Thailand’s most popular literary writers rarely get an introduction onto the world stage. An English language newspaper like The Bangkok Post will hint at the greatness of one seminal Thai author or another in their arts and culture section. But non-Thai readers will be clueless as to why. That short stories by the Thai writer Prabda Yoon are now available in his first English language anthology The Sad Part Was is at least one significant corrective. Nearly two decades after Prabda caught the attention of Thai readers and won the S.E.A. Write Award, non-Thais are gifted this rare opportunity to enjoy his works through Mui Poopoksakul’s fluid translation.
There is a yesteryear quality to much of Gregory Norminton’s writing, at least in these stories, several of which look backward in style to classics of the genre.
Last year, Korean literature burst into English-language consciousness when Han Kang’s The Vegetarian won the Man Booker International Prize. The process began earlier, of course: Kyung-sook Shin had won the Man Asian Literary Prize a few years previously. But this is nevertheless a phenomenon of relatively recent vintage.
Not everyone can be a Han Kang, and there aren’t many major literary prizes which take works in translation, so it’s a good thing that Dalkey Archive Press is plugging with away with translations of other important Korean writers.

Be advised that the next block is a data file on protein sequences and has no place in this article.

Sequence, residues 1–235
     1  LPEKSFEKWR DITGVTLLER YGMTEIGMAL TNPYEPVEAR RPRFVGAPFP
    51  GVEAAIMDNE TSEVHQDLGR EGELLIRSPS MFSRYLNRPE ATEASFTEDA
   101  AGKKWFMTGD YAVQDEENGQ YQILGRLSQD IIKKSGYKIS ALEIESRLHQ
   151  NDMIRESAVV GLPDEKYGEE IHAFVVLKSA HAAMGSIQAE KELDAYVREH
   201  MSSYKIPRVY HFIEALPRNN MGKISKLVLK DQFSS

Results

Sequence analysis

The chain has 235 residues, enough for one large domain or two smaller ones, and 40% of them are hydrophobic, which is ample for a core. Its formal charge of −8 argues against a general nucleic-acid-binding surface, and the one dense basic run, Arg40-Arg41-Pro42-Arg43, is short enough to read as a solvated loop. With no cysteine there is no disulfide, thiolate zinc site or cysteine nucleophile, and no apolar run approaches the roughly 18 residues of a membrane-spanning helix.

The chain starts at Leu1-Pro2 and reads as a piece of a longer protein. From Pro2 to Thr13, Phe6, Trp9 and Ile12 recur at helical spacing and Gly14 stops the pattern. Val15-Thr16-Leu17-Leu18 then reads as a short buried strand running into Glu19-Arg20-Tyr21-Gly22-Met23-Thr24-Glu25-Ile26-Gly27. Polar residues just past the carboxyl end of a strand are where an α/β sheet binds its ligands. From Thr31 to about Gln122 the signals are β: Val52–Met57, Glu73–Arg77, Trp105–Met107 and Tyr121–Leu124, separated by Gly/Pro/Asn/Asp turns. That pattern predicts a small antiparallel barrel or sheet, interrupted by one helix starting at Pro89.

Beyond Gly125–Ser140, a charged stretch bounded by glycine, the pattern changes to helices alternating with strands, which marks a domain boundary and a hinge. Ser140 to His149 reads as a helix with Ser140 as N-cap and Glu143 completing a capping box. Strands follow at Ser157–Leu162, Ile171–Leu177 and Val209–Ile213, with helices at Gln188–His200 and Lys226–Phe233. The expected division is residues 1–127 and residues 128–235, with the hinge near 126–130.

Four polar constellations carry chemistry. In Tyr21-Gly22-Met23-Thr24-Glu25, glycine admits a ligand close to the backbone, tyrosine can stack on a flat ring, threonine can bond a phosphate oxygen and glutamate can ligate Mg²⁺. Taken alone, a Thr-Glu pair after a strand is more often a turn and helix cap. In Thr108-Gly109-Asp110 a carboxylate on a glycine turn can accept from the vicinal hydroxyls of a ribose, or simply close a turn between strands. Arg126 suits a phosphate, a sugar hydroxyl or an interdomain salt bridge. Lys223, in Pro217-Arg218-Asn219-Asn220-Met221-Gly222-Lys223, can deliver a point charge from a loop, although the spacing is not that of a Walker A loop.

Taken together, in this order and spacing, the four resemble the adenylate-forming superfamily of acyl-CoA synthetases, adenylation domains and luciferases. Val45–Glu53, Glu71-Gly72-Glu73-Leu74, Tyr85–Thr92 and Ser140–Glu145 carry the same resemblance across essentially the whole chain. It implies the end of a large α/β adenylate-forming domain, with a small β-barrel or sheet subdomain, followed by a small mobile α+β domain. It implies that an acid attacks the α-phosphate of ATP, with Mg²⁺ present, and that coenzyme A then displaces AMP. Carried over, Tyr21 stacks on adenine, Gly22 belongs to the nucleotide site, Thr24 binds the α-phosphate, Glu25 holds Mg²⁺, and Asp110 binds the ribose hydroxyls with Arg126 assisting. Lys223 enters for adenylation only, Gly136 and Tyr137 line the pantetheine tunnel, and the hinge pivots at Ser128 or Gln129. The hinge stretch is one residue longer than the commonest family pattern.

Singapore Love Stories is a collection of seventeen short stories, from Singaporean and Singapore-based writers. The anthology is edited by local author Verena Tay, who contributed “Ex”, while Australian expat author Raelee Chapman, who contributed “The Gardener”, is credited as “anthology coordinator and compiler.”
One of the rewards of running a book review publication is the unexpected surprise that appears out of the blue. One of these is Filipina writer Catherine Torres’s recent collection Mariposa Gang and other stories. The ten stories in this slim volume—a mere 100 pages—are polished, accomplished and structurally sophisticated. Laconic, Torres can say a page in a paragraph. Her characters are human, their circumstances and dilemmas painfully recognizable and real.